We started with the cloverleaf again and despite not really letting Dan "see" it, he jumped all of it without being phased. We did the down banks too and he was right on it. Beth had me put the monoflap back on him and we let Alexa try the Conquest but she did not fare well in the conquest so we switched back pretty quickly. (Unfortunately... the not so great riding on my part was probably more related to the not so great riding vs the saddle, but it did sort of make me think....... ).
After the cloverleaf we went back to the water complex and did the water stuff. Beth made a good point. I asked if I needed to walk him through the water or could go in "blind" since he's seen it before. She said I could and he'd probably be just fine, BUT... it never hurts to put money in the bank every chance we get. And she's right. For some reason my brain just seems to think that he'll learn that he has to walk through every water before he can canter through it and that by teaching him to just canter through it, he'll learn to trust me. But it makes sense that the more water he gets to walk through and realize it's not going to get him...the more willing he will be to trust me. So we compromised and trotted through it. :) Ha! Then we did the up and down bank and some courses including the water. And that's where the "ride tough" part came out. We were watching Rusty and he has this very nice balanced uphill canter... almost where his legs are "flailing" up above his shoulders. And I don't mean that in a bad way... but in a good powerful "let me at the jump" way. So... Beth told me that I was being too passive and just letting Danny lope around. Just because he was talented and athletic and could easily lope around doesn't mean I shouldn't work on getting a better balanced canter and "jump" in that canter. So I had to get mad. I had to almost get him fired up and hot off the leg and almost cantering in place to get him back in front of my leg and going. And it was kind of sucky. I hate HAVING to do that. It's frustrating. But once we got it he kept it and then we had some pretty nice rides. It took me a little getting used to it and not shutting him down again. We had some really ugly fences were I would get him rocking and rolling and then at the base I'd shut down and he'd be like "What?! ummm?" and shut down too. Or I held too much. Or I threw myself at them. But once we both got the hang of it, we had some nice fences. Beth said that when I changed the canter and the way I was riding, even the other girls were like.. 'Oh.... OH! WOW... that's an upper level canter"!. :) So... that helped me feel better. It wasn't that it was terrible. It just... didn't feel as awesome as the end of yesterday felt. But you know... progress was made. It was our first real XC school back. So... I can't complain. I was very proud of the beasty. :)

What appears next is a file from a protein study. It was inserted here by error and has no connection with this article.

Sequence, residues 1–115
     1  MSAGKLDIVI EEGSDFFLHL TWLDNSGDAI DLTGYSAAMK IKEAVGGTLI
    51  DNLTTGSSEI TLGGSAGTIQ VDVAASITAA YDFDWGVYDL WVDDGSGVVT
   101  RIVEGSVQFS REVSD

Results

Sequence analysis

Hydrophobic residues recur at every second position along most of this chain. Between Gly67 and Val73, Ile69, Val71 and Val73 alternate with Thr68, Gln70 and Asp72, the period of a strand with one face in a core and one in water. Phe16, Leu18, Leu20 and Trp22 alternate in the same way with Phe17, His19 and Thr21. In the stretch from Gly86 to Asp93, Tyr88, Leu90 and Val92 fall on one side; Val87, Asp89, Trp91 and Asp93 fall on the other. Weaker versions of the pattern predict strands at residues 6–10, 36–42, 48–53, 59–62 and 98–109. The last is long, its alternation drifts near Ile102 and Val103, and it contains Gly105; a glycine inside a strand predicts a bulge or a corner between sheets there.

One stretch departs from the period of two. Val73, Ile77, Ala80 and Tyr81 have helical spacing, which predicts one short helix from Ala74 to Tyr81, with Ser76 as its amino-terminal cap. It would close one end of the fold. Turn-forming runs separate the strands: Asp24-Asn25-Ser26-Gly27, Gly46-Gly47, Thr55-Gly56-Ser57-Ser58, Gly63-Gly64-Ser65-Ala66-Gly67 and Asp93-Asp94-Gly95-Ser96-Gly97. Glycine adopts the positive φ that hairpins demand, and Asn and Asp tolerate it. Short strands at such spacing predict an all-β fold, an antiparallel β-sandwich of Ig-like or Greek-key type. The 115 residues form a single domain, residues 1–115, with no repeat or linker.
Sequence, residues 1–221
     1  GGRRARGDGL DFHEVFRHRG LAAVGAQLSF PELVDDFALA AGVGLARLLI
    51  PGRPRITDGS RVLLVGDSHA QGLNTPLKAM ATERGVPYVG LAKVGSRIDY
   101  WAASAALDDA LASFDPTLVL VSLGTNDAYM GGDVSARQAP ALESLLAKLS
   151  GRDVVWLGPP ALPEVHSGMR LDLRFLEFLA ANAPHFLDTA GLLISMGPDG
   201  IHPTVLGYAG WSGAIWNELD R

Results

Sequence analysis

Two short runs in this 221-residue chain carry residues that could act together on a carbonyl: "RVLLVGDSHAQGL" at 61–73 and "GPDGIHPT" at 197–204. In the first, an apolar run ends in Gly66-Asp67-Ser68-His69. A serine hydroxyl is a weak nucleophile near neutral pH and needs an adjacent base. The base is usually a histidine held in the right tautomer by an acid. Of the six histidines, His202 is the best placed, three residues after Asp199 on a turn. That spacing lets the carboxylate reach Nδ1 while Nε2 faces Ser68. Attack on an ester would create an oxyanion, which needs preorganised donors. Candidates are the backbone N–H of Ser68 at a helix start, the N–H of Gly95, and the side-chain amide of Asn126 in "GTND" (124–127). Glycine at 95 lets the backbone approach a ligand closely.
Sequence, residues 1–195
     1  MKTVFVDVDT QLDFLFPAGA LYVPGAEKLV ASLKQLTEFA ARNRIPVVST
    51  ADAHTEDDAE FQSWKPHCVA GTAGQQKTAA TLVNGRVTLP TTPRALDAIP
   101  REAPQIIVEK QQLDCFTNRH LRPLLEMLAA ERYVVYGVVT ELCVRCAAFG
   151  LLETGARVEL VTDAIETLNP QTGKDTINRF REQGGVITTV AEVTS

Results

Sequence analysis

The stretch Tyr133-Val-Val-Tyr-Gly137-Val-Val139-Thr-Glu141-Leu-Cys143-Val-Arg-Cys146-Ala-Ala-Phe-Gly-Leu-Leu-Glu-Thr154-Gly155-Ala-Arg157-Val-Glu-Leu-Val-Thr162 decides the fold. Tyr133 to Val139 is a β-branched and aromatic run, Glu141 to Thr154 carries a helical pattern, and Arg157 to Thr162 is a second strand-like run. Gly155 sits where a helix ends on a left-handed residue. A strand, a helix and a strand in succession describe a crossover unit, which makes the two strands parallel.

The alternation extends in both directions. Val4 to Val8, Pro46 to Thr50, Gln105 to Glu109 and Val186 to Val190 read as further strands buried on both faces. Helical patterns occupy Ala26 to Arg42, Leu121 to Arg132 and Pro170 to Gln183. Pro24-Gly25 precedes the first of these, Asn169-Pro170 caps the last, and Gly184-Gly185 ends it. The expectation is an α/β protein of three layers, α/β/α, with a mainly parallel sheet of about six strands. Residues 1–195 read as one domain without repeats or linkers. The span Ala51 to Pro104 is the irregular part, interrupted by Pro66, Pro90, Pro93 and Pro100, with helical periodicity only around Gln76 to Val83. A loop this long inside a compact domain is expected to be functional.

After we finished riding, we cooled off and then he got iced. I had the Bemer blanket with me and that made a big difference. He was much quieter and less "dancy" so the icing went better. Then I wrapped him and got to packing up. After I got a good chunk done and had his stall and a few other things left, Cindy had left so the paddock opened up. I tossed Dan out and went to work on his stall. Shortly after I got a phone call from Dawn, who was at the clinic too! I heard "umm.... Danny's in the fence"!. SERIOUSLY HORSE?!?! Again?!?! Do we NOT remember last time we were at the gibbs and rolling into the round pen panel. Sigh.. So I went running. He really got himself into a mess this time. He wanted to roll in the sandy stuff right by the gate in the pasture. So he did... and flipped over into the gate. But his head was in the corner too. Luckily, he's smart and was just laying there... kind of groaning which is new for him. A little alarming but.... he was fine. So... we pulled his leg out from the gate and he stayed still. So then... I was looking and realized that once we flipped him... we would end up flipping him so that his head was underneath the fenceline now. But I couldn't pull him or slide him so I didn't have a choice. So.... I grabbed the legs and Dawn helped and we flipped him over. Of course his head went under the fence.... But I pushed him down and told him to chill and he listened. And I was able to push his nose into his chest and he was able to pull his head out and then get up. Seriously though horse...... Good grief!!! Luckily he was just fine and although I was a little worried he would roll again, he didn't and we were able to get home safe and sound.